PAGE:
The intern returns to help the organization that helped him

Giovanni Claudio, a student at UWM, says his internship with the Nonprof-IT program was invaluable, giving him insight into what working life will be like and giving him the chance to develop leadership skills. (UWM Photo/Troye Fox)

Giovanni Claudio’s internship allowed him to come full circle.

Claudio, who graduated from UWM in the summer of 2022 with his Bachelor’s degree in Information Science and Technology, chose an internship in the fall of 2021 as part of the Nonprof-IT program.

The School of Information Studies set up the program to give students the opportunity to work with non-profit organizations, which could benefit from their expertise in web design and social media.

Claudio selected Islands of Brilliance, an organization that works with autistic or neurodiverse people (a more general term referring to atypical thought or behavior patterns). He is an alumnus of the program and they were happy to welcome him back in the Fall 2021 semester.

“We are so proud of him and what he has accomplished,” said Mark Fairbanks, co-founder and executive director of Islands or Brilliance. Claudio and his team helped the organization update its website, improve search engine optimization and fine-tune the use of social media.

“He developed great leadership and collaboration skills,” Fairbanks said. “We were all impressed.”

Test your skills in the real world

Claudio, in turn, was happy to be able to test his skills in a real environment. (He did another Nonprof-IT internship in the spring of 2022.)

“It was a window into real-life computing (information technology),” Claudio said. “It was my first time as a team leader.”

He was interested in computers and computer games while growing up, Claudio said. “I love working with computers.”

While some students with autism experience bullying and teasing, he hasn’t experienced it personally, he said. But he enjoyed the experience of taking an art and design course at Islands of Brilliance. “For neurodivergent people, it helps with education and socialization and gives them the opportunity to be themselves.”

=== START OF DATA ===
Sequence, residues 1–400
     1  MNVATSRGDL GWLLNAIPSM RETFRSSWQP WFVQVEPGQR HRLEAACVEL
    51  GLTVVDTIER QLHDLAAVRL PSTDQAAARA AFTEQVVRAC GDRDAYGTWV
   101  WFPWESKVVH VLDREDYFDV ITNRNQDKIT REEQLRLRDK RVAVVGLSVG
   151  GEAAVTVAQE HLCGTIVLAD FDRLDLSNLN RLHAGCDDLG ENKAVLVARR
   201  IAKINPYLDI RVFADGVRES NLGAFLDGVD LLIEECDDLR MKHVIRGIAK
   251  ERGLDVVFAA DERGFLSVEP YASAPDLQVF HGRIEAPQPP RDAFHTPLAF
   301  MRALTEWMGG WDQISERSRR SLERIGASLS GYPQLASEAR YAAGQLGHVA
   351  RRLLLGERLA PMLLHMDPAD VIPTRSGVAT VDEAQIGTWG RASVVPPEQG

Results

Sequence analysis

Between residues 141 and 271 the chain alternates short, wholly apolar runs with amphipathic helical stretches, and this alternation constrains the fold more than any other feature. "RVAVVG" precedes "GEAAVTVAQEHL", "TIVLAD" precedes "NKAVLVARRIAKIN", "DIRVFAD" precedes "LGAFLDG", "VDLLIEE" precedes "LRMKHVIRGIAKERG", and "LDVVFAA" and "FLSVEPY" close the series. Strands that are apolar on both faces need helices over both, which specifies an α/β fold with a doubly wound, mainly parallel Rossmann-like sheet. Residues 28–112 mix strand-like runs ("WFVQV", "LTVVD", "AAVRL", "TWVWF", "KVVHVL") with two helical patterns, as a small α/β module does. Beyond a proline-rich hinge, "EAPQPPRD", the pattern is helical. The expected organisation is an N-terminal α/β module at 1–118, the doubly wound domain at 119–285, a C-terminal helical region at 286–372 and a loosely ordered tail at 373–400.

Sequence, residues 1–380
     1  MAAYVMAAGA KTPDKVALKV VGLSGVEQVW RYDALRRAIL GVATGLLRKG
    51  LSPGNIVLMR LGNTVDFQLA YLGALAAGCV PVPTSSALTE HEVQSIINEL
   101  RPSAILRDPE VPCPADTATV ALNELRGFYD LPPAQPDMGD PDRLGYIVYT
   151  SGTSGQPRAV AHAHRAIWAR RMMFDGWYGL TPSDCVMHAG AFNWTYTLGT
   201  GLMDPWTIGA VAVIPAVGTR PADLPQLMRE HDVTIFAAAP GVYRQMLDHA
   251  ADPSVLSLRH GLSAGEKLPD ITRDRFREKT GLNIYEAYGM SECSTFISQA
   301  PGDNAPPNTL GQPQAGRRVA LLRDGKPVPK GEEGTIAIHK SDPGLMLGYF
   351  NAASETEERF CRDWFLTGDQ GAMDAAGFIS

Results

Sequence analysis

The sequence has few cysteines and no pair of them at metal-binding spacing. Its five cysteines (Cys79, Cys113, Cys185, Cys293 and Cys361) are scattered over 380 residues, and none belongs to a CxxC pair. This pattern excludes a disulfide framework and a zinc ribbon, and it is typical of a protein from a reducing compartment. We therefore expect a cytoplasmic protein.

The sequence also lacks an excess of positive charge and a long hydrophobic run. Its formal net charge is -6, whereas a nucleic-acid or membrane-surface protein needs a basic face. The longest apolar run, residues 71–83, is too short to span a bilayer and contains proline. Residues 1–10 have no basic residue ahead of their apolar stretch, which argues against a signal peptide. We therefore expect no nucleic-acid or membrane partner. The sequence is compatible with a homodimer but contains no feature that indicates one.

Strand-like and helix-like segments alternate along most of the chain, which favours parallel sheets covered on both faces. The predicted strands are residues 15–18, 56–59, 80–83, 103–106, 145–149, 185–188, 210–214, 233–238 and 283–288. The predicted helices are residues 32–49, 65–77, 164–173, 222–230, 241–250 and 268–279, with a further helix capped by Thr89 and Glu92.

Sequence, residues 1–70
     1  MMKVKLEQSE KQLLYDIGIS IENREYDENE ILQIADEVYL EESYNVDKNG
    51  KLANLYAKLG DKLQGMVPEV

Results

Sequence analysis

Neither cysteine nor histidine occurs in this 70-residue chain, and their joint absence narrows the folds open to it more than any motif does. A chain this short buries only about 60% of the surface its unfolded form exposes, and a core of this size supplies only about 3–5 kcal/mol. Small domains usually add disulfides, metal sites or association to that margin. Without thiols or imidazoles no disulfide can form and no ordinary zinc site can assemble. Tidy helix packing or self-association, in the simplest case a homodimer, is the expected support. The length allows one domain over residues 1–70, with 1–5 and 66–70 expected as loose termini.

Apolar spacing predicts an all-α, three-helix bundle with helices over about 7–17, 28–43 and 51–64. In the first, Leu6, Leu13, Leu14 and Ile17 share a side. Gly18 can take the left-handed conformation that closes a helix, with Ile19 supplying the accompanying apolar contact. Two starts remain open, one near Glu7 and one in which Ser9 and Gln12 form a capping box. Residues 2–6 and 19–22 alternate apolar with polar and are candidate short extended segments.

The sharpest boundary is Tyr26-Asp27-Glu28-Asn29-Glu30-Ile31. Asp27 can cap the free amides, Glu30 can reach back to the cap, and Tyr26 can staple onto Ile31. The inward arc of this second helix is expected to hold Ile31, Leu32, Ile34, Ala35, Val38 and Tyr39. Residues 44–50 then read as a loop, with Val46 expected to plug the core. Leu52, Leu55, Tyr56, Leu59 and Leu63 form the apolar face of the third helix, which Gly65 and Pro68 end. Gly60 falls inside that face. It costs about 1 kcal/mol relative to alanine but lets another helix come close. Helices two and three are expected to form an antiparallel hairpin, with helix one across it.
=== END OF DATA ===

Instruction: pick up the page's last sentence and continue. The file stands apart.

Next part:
A welcoming atmosphere

At UWM, he found a welcoming atmosphere and a group of friends. He shared some of his experiences in a video in the fall of 2021 on future graduates.

College gave him the chance to experience and learn more about the Milwaukee community and helped him academically and socially, Claudio said. He is a member of the autism spectrum social group.

“It gave me a social base and an opportunity to meet people who are like me,” he said. Claudio is also active in the organization DREAM (Disability Rights, Education, Activism, and Mentoring).

He explores opportunities in information technology after graduation. “I’m excited to go out alone.”

It’s a field with a lot of opportunity for people like him who are neurodiverse, Claudio said. He is quick to point out that while many see IT as just writing code or building websites, careers also involve project management and collaboration skills – similar to what he learned in Nonprof. -IT.

Give the example

Fairbanks said Claudio is an example of what Islands of Brilliance wants to encourage. The emphasis on project-based learning helps children and young adults with autism develop their own ideas and creativity. The organization focuses on abilities, not disabilities, he said.

Fairbanks and his wife, Margaret, founded the islands of brilliance after their son Harry was diagnosed with autism at age 3. Their doctor told them not to expect much from him and that college was out of the question. Harry graduated from UWM in 2020.

Islands of Brilliance is part of a UWM research project, funded by a $149,487 grant from the National Endowment for the Arts. The research, led by Celeste Campos-Castillo, associate professor of sociology, and Nathaniel Stern, professor of art and design and mechanical engineering, is in partnership with the Lubar Entrepreneurship Center at ABLE (Autism Brilliance Lab for Entrepreneurship) . The work examines how creativity in art and design can help prepare people with autism for the workforce, and how the workforce can prepare neurotypical work environments for people living with the autism.

Virginia S. Braud